Next we have some show news; not unexpectedly, our next two planned shows, Joy of Six and Hereward, have been cancelled for this year. Neither are being rescheduled, so the next editions of both will be in 2021.

Onto some new releases. Because of workload I’ve been adjusting our release schedule a bit – I have a big batch of 15mm models (the last of our Salute lineup) that I’d like to get out, but I don’t seem to be able to find any time to build up stock in advance of releasing them. So instead we have some more 2mm items in the Small Scale Scenery range, stock of which is rather easier to manage!

First up is the largest piece, a railway turntable with a six-bay engine shed. It all comes cast as a single resin piece with the exception of the rotating track in the centre, which is metal.

Sticking on the track, we have these tiny railway cranes which come four to a pack.

And finally, more cranes but this time of the dockyard variety. Again there are four in a pack, two each of two types. I’ve made a mini layout with one of our resin jetty pieces and some dock warehouses.

SSS-8148 – Dockside Cranes (x4) – £2.00
SSS-8149 – Railway Cranes (x4) – £1.50
SSS-8158 – Railway Turntable – £3.00

A New Age in Luxury Travel

Peter Hunt recently sent us some pictures of the Civilian Airfield set painted up, which we thought were great and well worth sharing. We’ll let him take over from here, the rest of the words are his…


Gentlemen,
Here in Danubia we pride ourselves at being at the cutting edge of technological developments and so the Compagnie Internationale des Wagons-Lits is pleased to announce the opening of the new Danubia International Airport (DIA).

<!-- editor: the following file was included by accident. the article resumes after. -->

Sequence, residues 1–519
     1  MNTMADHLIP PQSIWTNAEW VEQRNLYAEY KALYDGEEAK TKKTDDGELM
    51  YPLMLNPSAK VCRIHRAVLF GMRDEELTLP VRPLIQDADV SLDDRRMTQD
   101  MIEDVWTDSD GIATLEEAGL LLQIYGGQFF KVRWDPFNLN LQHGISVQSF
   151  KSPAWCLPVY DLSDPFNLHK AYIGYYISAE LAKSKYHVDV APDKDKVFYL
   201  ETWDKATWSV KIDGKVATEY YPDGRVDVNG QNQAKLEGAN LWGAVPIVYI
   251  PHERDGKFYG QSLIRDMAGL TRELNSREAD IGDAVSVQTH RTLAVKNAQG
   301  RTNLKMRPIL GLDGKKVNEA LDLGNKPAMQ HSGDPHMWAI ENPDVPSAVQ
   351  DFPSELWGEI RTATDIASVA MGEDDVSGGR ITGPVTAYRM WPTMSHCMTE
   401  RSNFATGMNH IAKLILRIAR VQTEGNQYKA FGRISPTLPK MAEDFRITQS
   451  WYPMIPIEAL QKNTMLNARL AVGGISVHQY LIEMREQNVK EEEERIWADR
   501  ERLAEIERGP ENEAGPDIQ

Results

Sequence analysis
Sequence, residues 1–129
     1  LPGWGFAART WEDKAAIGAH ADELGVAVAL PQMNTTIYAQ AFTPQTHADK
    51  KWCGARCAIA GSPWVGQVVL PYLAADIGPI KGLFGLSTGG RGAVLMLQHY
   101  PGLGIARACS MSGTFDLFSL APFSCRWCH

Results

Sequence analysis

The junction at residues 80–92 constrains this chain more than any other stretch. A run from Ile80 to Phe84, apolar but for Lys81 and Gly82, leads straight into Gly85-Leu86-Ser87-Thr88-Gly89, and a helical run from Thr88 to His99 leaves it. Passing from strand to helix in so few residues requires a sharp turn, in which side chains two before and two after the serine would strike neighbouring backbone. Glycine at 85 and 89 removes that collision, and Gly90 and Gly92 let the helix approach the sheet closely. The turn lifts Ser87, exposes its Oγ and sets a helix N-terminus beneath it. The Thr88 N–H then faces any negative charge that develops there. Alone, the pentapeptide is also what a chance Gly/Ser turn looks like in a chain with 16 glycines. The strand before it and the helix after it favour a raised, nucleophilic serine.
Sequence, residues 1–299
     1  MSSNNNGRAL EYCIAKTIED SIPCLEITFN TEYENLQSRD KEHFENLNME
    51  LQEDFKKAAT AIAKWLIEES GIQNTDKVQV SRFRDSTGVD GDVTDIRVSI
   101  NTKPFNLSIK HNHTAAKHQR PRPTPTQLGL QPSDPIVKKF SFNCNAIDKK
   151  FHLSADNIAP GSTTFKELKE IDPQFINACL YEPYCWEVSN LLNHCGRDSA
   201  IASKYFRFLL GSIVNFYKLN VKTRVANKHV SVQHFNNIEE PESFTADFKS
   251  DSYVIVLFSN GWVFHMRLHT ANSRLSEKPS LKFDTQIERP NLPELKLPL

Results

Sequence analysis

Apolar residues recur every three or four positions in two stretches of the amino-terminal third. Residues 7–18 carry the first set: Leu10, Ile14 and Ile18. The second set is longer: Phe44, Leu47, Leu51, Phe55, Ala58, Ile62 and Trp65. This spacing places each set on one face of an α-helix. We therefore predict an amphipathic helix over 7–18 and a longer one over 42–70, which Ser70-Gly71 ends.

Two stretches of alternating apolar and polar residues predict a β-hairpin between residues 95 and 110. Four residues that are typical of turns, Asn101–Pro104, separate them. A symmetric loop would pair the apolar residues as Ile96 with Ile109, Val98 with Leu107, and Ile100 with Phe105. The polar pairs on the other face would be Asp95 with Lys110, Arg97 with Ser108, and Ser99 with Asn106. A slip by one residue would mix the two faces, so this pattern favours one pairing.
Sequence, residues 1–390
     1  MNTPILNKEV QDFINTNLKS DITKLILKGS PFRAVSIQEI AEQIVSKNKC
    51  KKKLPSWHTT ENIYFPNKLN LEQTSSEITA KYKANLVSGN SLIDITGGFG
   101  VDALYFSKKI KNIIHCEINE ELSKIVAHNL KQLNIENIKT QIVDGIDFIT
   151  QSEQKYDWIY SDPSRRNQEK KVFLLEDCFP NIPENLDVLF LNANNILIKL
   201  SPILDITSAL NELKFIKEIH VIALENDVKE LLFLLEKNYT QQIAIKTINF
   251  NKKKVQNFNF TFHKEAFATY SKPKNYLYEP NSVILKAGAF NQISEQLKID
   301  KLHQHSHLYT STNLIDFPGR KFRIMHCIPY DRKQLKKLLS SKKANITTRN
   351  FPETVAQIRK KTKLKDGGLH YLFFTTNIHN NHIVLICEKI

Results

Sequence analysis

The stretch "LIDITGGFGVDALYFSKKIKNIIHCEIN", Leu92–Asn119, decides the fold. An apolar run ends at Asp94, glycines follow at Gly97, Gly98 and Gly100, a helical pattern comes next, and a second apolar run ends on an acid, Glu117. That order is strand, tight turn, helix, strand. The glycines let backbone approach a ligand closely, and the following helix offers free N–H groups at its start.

Having successfully tested the concept at Shoreham-by-Sea, a rather fly-blown site on the south coast of England outside Brighton, DIA combines the latest in Art Deco design, the highest standards of aircraft control and maintenance, and a fully integrated transport interchange facility.

Shoreham-by-Sea: the hangers and Terminal Building
Shoreham-by-Sea: The landing field and railway access.

Whereas Shoreham was served by a branch line of The Southern Railway, DIA is situated on the Orient Express Main Line from Venice Simplon to Strambul. As you can see below the vastly improved DIA provides direct access between the Orient Express and the Lufthansa service to Wien, Dresden and Berlin; the Swissair service to Geneva and Bern, (Change there for Grand Fenwick;) the Imperial Airways services west to Blighty or south and east to Athens, Alexandria, Cairo and Points South, or Beirut, Baghdad, and Points East; or Lao Che Air Freight chartered service to anywhere you want, anytime you like, no questions asked, strictly cash only, in advance, reasonable rates for combat zones negotiable.